I have been visiting the Philly area regularly for a couple of decades now. I travel there with my husband, a native of the area, and the first thing he often wants to do when he arrives is to get a hoagie. His affinity for Wawa (a gas station/convenient store/sandwich shop), where he likes to get this sandwich, is something I will never understand, but his love of the hoagie I've come to respect. He is, at least in my impartial opinion, a veritable hoagie expert, and I've learned a few things from him. First off, never call a hoagie a hero. "That's New York's sandwich. Philly's got more than the cheesesteak." When explaining how to build a hoagie, my husband becomes filled with an energy I can only describe as "East Coast passionate" — which one would think decades in California would have softened.
Spoiler alert: it's really just a special type of sub.
- You start with an Amoroso roll. "Accept no imitations." These rolls are baked in Philly, and I would describe them as a soft white roll . . . but clearly there is something special about these rolls. Could it be the water?
- The bread is doused with olive oil and vinegar. Some people add mustard, but "that's just wrong," according to my in-house hoagie man. Mayo is OK, but he doesn't consider this condiment authentic to to the sandwich.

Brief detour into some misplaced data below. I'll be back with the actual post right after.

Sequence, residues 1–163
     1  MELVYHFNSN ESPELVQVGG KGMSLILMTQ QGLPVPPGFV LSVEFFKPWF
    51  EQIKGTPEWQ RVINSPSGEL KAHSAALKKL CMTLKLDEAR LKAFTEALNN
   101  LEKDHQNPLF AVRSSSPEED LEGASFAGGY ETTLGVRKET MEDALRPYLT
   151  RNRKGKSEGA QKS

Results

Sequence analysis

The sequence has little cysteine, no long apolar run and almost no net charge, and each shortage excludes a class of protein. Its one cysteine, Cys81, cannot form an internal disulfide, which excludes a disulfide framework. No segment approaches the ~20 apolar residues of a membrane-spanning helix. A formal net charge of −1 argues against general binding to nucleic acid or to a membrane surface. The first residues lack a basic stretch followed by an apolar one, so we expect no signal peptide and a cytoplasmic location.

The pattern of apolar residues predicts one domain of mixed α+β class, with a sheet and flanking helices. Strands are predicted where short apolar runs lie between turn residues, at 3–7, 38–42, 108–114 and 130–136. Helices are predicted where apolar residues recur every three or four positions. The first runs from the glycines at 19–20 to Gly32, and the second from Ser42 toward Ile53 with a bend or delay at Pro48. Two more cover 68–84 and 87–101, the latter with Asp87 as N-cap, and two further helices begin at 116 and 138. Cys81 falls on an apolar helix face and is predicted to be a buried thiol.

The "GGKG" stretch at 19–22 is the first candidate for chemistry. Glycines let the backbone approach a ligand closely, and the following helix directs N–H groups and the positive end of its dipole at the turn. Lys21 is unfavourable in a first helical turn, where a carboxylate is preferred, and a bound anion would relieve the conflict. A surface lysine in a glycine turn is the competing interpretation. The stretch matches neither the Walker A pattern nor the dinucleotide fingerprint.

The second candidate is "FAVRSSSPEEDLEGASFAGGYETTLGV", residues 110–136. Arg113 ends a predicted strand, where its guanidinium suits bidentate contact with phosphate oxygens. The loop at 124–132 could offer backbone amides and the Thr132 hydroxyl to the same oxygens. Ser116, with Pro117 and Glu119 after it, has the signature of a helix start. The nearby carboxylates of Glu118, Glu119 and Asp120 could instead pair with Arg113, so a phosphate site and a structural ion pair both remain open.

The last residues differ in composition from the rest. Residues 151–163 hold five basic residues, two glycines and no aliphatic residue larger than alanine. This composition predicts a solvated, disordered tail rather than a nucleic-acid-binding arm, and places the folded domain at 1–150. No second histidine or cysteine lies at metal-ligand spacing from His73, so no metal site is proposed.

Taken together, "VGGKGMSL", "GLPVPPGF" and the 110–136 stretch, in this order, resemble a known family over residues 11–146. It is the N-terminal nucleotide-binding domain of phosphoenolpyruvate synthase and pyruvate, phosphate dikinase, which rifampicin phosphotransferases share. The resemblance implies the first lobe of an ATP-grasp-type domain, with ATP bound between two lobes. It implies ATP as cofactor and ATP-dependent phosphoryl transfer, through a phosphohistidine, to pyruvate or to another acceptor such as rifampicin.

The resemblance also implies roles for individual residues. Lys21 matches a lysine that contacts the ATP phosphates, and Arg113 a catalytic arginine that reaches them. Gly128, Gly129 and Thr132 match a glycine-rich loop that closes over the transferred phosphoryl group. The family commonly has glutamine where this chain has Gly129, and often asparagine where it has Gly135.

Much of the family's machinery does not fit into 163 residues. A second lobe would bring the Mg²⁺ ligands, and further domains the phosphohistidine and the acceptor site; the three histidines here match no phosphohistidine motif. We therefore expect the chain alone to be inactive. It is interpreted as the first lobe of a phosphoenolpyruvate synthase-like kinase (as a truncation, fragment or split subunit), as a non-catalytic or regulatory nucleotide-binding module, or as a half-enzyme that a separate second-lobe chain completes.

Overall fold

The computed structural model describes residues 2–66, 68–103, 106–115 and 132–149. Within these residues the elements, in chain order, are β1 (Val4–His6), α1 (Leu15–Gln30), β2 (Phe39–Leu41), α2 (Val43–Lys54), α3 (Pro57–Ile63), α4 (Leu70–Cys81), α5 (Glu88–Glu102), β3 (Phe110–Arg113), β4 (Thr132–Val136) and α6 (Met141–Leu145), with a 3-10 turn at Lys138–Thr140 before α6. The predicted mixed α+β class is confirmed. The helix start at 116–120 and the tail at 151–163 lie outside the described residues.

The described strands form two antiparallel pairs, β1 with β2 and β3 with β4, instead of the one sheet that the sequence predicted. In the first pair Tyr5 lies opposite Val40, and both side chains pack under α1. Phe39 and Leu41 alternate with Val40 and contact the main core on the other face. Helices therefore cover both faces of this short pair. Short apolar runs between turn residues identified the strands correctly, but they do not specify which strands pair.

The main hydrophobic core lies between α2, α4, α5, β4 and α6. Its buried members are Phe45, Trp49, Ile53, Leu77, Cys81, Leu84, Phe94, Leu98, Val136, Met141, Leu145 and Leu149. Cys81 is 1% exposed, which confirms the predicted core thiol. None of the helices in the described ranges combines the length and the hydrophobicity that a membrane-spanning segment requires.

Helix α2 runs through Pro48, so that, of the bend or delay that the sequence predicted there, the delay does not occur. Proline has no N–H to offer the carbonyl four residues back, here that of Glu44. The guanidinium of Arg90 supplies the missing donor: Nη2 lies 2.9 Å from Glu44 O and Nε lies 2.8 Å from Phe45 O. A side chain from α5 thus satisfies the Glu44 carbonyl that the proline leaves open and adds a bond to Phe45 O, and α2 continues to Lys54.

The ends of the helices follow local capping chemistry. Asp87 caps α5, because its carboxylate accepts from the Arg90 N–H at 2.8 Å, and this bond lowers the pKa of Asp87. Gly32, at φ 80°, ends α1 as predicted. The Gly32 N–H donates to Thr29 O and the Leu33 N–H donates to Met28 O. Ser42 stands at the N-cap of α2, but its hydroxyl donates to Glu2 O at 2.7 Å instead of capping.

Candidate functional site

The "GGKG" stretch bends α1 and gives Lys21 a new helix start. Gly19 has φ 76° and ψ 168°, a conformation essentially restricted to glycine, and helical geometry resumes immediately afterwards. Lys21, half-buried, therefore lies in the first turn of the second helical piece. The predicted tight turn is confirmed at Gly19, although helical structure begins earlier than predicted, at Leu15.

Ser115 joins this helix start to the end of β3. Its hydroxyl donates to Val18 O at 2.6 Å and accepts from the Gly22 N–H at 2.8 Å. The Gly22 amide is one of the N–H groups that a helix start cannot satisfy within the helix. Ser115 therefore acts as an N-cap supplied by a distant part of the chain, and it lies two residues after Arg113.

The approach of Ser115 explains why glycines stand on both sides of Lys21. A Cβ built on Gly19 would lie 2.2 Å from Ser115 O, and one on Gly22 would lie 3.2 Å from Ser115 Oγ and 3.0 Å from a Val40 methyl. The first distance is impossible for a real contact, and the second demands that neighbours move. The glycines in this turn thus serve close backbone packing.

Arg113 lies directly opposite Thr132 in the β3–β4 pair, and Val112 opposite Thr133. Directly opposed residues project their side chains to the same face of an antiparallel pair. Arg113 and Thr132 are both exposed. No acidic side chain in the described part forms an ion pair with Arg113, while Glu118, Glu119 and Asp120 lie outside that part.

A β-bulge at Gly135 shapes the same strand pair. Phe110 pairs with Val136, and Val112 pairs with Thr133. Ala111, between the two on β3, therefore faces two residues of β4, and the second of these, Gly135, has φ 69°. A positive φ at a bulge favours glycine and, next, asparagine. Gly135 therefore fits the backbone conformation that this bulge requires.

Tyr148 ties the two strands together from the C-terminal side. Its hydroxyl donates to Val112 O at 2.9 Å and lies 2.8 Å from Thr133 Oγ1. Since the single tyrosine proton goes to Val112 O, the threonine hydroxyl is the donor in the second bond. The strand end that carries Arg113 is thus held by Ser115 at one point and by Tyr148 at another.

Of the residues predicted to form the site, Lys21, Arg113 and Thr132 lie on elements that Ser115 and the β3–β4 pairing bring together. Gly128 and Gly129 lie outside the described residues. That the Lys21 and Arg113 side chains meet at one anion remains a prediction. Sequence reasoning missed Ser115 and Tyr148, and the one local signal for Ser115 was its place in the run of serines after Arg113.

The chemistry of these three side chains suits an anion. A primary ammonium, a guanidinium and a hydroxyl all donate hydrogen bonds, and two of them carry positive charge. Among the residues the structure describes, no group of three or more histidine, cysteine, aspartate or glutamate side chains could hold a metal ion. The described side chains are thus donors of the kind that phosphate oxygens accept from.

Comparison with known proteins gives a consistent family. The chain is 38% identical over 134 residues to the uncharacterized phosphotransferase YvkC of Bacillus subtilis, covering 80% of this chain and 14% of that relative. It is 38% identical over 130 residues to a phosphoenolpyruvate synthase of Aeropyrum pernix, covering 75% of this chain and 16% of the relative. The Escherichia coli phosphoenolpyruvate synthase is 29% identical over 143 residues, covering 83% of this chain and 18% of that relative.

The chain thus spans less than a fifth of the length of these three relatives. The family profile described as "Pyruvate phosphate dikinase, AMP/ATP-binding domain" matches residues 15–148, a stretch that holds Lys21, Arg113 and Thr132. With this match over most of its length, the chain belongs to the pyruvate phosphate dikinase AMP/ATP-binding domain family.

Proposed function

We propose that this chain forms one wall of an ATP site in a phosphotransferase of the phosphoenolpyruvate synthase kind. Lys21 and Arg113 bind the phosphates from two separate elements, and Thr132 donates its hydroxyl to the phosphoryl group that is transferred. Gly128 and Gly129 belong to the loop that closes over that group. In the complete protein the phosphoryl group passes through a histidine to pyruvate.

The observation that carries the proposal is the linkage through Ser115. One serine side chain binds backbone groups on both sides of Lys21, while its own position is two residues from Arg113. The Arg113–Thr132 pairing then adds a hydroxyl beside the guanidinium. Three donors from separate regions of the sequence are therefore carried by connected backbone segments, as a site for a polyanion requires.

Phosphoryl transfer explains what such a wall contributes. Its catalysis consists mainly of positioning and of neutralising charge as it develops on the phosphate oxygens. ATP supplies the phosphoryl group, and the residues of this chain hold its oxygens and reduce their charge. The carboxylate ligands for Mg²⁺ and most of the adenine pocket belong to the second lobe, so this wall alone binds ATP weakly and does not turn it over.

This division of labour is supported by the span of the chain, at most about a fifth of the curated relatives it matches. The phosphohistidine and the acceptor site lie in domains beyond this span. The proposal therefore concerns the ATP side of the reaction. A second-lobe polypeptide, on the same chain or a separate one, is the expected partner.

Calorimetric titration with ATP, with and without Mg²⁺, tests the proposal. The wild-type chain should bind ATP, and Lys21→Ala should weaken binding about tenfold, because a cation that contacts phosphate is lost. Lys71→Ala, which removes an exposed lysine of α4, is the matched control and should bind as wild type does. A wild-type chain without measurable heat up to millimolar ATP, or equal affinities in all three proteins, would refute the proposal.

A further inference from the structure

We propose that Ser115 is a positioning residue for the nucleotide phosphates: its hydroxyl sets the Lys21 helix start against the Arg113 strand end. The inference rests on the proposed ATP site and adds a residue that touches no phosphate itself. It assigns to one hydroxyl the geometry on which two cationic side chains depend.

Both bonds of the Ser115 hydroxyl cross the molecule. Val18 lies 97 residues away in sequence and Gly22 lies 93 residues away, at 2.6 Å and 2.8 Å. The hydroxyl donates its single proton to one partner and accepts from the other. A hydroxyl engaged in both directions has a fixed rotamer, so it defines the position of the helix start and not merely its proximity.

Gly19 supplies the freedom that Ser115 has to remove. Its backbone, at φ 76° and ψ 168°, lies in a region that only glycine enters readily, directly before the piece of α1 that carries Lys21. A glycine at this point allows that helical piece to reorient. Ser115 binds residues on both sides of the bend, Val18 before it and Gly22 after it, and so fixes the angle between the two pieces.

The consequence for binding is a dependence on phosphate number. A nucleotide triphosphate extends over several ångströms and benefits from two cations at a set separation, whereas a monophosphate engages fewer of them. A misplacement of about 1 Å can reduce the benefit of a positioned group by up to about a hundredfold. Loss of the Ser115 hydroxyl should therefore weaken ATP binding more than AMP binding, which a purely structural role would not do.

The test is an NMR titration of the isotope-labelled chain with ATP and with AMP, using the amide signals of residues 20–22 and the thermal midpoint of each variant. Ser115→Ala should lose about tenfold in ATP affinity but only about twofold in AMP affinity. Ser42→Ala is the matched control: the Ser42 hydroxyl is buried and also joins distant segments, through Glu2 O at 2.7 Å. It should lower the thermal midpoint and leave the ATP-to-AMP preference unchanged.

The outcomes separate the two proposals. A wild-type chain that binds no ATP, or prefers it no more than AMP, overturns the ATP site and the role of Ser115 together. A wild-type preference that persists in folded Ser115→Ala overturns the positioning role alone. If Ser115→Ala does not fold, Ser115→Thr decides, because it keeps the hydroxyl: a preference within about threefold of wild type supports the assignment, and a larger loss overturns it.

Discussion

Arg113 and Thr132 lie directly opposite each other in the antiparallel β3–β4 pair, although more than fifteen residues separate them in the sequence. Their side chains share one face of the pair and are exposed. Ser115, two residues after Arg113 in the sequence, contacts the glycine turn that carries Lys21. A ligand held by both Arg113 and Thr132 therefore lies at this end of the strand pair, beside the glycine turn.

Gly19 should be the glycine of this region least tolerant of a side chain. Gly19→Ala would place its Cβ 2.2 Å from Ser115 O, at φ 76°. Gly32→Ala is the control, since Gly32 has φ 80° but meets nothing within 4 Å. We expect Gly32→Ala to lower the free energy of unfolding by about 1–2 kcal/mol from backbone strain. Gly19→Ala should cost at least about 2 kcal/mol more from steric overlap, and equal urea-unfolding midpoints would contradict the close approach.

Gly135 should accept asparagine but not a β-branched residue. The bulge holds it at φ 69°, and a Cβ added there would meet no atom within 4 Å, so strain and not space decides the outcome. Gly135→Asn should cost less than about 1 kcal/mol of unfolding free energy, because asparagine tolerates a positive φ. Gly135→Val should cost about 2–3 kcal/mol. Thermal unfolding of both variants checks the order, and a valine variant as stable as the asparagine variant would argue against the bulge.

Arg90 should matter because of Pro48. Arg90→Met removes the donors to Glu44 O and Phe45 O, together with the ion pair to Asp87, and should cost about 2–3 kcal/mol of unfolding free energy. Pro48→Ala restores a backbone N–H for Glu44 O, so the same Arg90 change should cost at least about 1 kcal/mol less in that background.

- Layers of mortadella, ham, salami, and sometimes capocollo (aka coppa) are covered with provolone cheese.
- Shredded lettuce ("you know it's gotta be iceberg — this is Philly"), sliced tomatoes, and sliced white onions are placed on top of the cheese. "You can, and should, add a sprinkle of salt, pepper, and oregano onto the veggies."
- Next comes the sweet and hot peppers. "These are special peppers. Pickled peppers. These peppers only exist in Philly." Not sure if my expert is reliable on this particular fact, but he does talk about these peppers a lot. Like a whole lot. They are cherry peppers brined to be either sweet or hot. You can get just one type of pepper on your sandwich and still technically call it a hoagie, but not to get the mix of both comes awfully close to a misdemeanor, in my husband's opinion. On this matter, I have no opinion of my own.
- This is topped with a little more oil and vinegar. And boom: you got a hoagie.
And that's it. Some might call it "a banquet on a bun," but for me it's simply a taste of Philly.